There's nothing in the statutes
that mentions 12-step programs.

I'm talking about principle,
social policy, Your Honor.

I'm talking about the law,

which as we all know, is
to be narrowly construed.

My job is not to rewrite the
statutes, it is to interpret them.

The defense motion is denied.

In that case, Your Honor,

the defendant changes
his plea from not guilty

to not guilty by reason
of mental defect.

They've got you dead
to rights, why not?

All right.

The defendant will be made
available for examination

by the People's experts
at their convenience.

I've never even met those
people before. I have no idea why...

DR. OLIVET: Why?

I may have killed
two innocent people.

People I never even heard
of, and what do you think I feel?

I don't know. You tell me.

I have nightmares about it.

I don't...

I don't even know if I did it.

You don't remember?

What do you remember?

We...

We were at a party,
doing shooters. All right?

I left with Josh. We put
in a CD or something...

I don't know. The car swerved
off the road. I totaled the car.

I hit my head. Josh
went back for a drink.

What did you do?

I thought I walked home.

But you didn't? No. I guess
I went back to my old house.

I don't remember!

Why do you think that
you went back there?

I was drunk, okay?

I know what you're
thinking, and it's sick.

What, Steven?

Warren and Leah,

they put up with all my crap, all
right? They're good people. I love...

I know what you're
thinking, it's like...

You think I wanted to kill
them. What do you think?

DR. OLIVET: He claims amnesia
for the crimes and I believe him.

Amnesia's not grounds
for insanity. That's true.

The only form of mental illness
seems to be substance abuse.

He was drunk, and as we all know,
that's not the basis for an insanity plea.

They tried this in Westchester.
There's a difference.

There the defense claimed that
the boy had a learning disability

and that his homicidal tendencies were
implanted by a high-school psychologist.

Steven Smith had
an alcoholic blackout.

That, combined with a head
injury from the car accident,

could have triggered
a dissociative episode.

He was drunk, he killed
two innocent people

and now he's trying to
use the bottle as a defense.

Isn't it pretty obvious he
meant to kill the Bartletts?

At least unconsciously.

But there's no evidence
of any conscious motive.

Bartlett's wealthy.

The brutality of the murders,
this had nothing to do with money.

Then we should find
out what it was about.

What are you implying?

The Lerners were killed in
your old bedroom, Mr. Bartlett.

Let me tell you something.
Steven has problems.

Most of them
come out of a bottle.

He's ill, Warren. And she's
trying to say it's our fault.

Look, Steven had trouble
handling a groundball,

I spent three hours a night
with him out at the schoolyard.

He was lost in algebra, I
took a week off from work.

Something prompted this.

Steven is sick.

He's insane, for God's
sakes! I don't need you to tell...

I'm certainly not going
to help you put him in jail

when he should be
under psychiatric care.

Mr. Bartlett,
you're an attorney.

You know that if he knew what he
was doing at the time of the crime,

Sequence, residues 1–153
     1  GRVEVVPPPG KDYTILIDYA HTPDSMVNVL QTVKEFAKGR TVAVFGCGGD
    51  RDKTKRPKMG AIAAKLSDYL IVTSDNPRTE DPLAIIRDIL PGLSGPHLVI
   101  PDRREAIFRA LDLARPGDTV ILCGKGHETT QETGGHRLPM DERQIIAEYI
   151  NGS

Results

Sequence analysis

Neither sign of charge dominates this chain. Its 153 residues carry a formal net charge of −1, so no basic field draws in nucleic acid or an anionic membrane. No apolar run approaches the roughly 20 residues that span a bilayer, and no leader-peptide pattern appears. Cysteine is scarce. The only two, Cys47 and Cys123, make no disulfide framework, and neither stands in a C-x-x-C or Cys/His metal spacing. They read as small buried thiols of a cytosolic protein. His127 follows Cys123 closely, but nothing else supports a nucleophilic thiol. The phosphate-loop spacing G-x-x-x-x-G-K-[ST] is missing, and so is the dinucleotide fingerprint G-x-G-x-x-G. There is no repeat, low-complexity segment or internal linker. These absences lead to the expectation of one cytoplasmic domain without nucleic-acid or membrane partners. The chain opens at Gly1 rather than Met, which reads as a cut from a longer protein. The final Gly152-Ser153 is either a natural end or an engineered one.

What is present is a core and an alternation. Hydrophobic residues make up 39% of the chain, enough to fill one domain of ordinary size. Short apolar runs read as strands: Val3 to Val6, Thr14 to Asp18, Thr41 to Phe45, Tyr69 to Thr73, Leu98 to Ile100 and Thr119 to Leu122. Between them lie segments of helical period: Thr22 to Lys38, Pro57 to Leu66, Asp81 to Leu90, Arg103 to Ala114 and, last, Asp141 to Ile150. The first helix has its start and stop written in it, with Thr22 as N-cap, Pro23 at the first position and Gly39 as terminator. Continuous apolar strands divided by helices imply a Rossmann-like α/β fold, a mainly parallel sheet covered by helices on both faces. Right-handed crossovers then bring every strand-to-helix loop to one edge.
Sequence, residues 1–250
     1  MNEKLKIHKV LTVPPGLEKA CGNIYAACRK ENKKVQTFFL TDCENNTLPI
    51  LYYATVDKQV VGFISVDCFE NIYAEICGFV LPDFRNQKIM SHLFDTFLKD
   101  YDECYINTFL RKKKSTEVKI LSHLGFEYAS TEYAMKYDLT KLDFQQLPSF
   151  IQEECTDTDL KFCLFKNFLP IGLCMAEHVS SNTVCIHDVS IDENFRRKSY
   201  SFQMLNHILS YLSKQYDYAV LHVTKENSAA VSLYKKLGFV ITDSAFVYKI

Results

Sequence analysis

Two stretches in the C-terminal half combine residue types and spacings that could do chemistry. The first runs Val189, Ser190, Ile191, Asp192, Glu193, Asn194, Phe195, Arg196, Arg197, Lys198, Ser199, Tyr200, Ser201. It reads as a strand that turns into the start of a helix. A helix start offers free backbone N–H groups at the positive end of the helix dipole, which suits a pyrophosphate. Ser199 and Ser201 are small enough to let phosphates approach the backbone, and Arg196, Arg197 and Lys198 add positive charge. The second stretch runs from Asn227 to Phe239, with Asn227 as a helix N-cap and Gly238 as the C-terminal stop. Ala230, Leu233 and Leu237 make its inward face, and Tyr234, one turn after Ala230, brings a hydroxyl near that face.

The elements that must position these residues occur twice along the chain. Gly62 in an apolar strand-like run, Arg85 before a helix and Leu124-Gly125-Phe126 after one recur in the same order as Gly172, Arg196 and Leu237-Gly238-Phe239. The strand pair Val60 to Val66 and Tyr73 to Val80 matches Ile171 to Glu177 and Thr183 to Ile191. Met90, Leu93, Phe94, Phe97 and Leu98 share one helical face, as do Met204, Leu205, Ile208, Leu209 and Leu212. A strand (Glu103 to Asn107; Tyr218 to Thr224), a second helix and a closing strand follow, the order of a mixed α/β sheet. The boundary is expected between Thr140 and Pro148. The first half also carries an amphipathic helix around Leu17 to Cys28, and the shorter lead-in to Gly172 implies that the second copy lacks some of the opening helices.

he's not legally insane.

What are you saying? That Steven
was rational when he did this?

I'm sorry, I won't accept that.

They're wealthy, they're educated,
they seem to be the perfect parents.

And Steven wanted them
dead. For no apparent reason.

He's still living with them,
that has to mean something.

Maybe this was some
sort of dissociative episode.

In other words, the crime is so
crazy, the kid's got to be nuts.

The defense has the burden to show
that at the time he committed the murders,

Steven Smith didn't understand
the nature of what he was doing.

Maybe we shouldn't be
so gung ho here, Jack.

Maybe he is better off in
a hospital than a prison.

Tell that to Elizabeth Lerner.

Am I supposed to let him play
doctor in a rubber room at Bellevue

just because he tells
me he can't remember?

Come on. You know
it's not that simple.

Even Olivet can't tell us whether he
was rational at the time of the crime.

That's going to make for a
wonderful cross examination.

Only one person knows what
Smith was thinking that night, right?

And he was in an alcoholic fog.

Well, let's turn
on the defroster.

Hypnotize him. Take
him back to the scene.

If he says that E.T. told him
to kill a couple of gremlins,

then I'll cut a
deal for insanity.

LARSON: What happened, Jack?

You had too much last night,
blacked out and forgot the law?

Hypnotic testimony
is inherently unreliable.

On the contrary, I was
up until the wee hours

reading supreme court decisions.

Specifically Rock v. Arkansas...

Which held that a per se rule
excluding hypnotic testimony

infringes on a defendant's
right to testify on his own behalf.

In other words, you can't force
my client to give hypnotic testimony.

I don't want him in prison if
he's legally insane, Marge.

I'll tell you what.

If we learn that these murders
were the result of a psychotic episode

that rendered him unaware
of what he was doing,

I'll be the first one seated
at the bargaining table.

And if we don't?

I agree that nothing he says under
hypnosis can be used against him in court.

Heads I win, tails you lose.

Okay.

One more time
on the kitchen floor

Shut up, Josh. Man,
I wanna sing, I'll sing.

Oh, my God.

My head. What happened, Steven?

I totaled the car.

Where are you?